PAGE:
Park model (vacation/resort cottage)Edit
This is a larger travel trailer — usually 35 to 45 feet long — that is not self-contained. It is designed for park camping only; and while it is easily moved from site to site as a normal trailer is, it is not capable of "dry camping" as it does not have any water storage tanks and must be used with hookups. Though designed to remain stationary for extended periods of time, park models differ from mobile homes in that they are usually still sporadically moved (often seasonally).
An uncommon term indicating a motorhome built around a semi truck chassis (such as a Freightliner). This type of motor home allows the pulling of large and heavy trailers. The toterhome name has come to mean generally a heavy duty truck chassis with a small/medium living quarters and a deck on the back with a fifth wheel or gooseneck hitch. The toterhome has been primarily used by the racing and horse community to pull heavy trailers.
The term "Truck Conversion" has generally come to mean a heavy duty truck (class 7/8 semi-truck) chassis with a lengthened frame and living quarters built on. Advantages of the Truck Conversion over a standard Class A are safety, ease of service/maintenance, and usually a much higher power-to-weight ratio since most semi-tractors are built to move a 80,000 pound combined weight. Disadvantage is that with the engine up front they are louder than when the engine is hidden in the back. Also tend to be smaller interior than an equivalent length Class A since the engine/cab area do not contribute to the living quarters. Truck Conversion motorhomes are most popular with the racing and horse community since they are often much better suited to pulling heavy trailers than most other classes of motorhomes.
Most schoolie conversions to RVs involve a specific series of steps, not necessarily in this order:
- Removal of seats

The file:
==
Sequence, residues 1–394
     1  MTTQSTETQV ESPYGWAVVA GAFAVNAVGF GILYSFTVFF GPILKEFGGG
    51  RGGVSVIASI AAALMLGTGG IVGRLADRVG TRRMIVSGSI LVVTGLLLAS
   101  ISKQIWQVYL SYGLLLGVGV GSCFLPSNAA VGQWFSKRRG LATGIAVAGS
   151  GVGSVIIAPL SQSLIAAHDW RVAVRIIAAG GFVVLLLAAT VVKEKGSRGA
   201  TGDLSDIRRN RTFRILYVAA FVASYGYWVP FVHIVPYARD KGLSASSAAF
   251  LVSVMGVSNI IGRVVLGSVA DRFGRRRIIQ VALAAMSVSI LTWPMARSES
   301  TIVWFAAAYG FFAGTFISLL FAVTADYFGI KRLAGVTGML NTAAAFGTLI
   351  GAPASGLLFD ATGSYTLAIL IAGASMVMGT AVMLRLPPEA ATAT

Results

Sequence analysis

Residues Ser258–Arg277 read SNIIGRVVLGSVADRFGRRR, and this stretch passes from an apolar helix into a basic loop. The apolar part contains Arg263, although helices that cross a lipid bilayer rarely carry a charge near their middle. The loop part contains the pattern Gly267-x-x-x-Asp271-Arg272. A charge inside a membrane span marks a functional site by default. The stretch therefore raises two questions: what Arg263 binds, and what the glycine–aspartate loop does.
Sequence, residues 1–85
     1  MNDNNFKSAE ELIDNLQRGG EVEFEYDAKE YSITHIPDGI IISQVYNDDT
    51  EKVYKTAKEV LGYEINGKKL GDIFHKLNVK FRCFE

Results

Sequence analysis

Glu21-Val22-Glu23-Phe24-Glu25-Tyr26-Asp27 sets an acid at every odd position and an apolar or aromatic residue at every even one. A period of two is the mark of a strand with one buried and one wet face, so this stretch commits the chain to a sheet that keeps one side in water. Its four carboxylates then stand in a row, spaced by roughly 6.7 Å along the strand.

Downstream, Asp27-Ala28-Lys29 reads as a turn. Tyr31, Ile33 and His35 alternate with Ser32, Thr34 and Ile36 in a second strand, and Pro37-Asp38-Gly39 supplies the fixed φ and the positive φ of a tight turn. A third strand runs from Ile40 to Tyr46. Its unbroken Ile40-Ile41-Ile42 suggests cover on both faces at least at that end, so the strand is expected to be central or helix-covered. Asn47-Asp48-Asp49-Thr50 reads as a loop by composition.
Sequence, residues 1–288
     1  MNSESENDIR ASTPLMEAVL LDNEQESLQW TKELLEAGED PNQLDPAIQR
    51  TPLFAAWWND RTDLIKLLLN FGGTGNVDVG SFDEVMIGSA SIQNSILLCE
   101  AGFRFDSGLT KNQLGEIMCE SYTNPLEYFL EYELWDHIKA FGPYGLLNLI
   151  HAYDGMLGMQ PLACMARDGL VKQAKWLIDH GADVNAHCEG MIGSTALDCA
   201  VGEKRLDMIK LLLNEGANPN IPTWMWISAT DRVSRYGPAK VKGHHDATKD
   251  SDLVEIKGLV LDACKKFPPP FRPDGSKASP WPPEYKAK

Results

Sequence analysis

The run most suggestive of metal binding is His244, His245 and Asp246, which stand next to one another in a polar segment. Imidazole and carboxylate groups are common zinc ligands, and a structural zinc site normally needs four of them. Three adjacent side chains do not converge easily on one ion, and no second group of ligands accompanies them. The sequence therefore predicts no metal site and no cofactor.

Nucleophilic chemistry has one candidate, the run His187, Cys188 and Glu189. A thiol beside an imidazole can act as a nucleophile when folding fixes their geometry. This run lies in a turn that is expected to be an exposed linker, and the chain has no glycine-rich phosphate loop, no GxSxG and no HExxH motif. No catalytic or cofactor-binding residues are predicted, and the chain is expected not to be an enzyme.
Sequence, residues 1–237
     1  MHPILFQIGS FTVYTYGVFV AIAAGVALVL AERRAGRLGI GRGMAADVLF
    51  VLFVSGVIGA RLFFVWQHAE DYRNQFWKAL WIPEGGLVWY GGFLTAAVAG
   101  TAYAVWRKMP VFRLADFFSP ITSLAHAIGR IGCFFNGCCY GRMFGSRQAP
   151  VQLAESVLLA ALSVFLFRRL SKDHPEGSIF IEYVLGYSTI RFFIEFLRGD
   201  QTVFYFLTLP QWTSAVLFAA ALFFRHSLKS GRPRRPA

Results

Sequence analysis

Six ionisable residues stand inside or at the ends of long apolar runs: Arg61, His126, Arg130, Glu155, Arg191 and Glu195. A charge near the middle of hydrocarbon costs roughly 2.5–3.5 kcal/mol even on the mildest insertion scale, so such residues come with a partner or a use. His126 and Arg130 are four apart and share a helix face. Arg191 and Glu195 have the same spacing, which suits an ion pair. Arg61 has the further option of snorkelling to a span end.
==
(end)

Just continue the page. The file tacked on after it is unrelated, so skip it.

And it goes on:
- Installation of 110/220 VAC electrical system, generator/inverter, solar system, extra batteries, etc.
- Installation of plumbing, including:
- Insulation of the floor, walls and/or ceilings
- Installation of electricity such as door bells, wall sockets, light switches, circuit breakers, ceiling/wall light fixtures, etc.
- Installation of replacement flooring
- Placing of furniture, cabinetry, and appliances
- Exterior cosmetic changes (paint, stickers, etc.)
- Interior cosmetic changes (painting and decoration of ceilings, walls, windows, doors, and floors)
Some schoolies also undergo some more dramatic structural changes, often to improve the sometimes limited headroom, as the inside of most school buses at the middle is 6'1" (1.85 m). Raising the roof on schoolies is a relatively common modification, and some enthusiasts even go so far as to remove the entire roof and replace it with an entirely new custom roof, usually much higher (See Vista-Dome). Some buses also have had other vehicles grafted to them, had RV "slide-out" sides installed, or have included Jacuzzis.
There are varying regulations in different states in the United States that affect the conversion of a school bus into an Recreational Vehicle (RV). Some states, such as California and Illinois, require that the bus's signaling equipment (stop sign, flashing lights, etc.) be removed and the school bus yellow paint scheme be changed. Other states simply require that the "School Bus" signage at the top front and rear be removed.
In other countries, a second driving license specific to commercial vehicles may be required to purchase and legally own the vehicle, even before any works are performed on it. In the UK, for example, owners of a Passenger Carrying Vehicle (PCV) require a Category D1 or D license to drive it on the UK's road network. Lacking such a license will make transporting the vehicle once purchased especially difficult.
Note that if one is driving a large vehicle (more than a certain GVWR) one normally needs a Commercial Driver's License. However, if one is driving the vehicle strictly for personal reasons such as recreation, such a license is not required. However, if one ventures into Canada and has air brakes, such a license (or a regular license with airbrake endorsement) is required. If one does not have such an endorsement, one's bus will be parked until a properly licensed driver is engaged to move it.